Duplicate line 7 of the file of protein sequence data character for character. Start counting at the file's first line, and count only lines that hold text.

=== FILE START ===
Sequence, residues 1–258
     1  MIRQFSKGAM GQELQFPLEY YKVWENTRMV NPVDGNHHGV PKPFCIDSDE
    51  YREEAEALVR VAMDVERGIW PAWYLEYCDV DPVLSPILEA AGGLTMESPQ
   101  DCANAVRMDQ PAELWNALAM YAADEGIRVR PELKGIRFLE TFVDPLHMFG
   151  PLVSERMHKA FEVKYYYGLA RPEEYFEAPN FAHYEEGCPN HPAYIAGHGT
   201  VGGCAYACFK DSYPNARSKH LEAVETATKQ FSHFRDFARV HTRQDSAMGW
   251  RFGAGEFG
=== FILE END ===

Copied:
   251  RFGAGEFG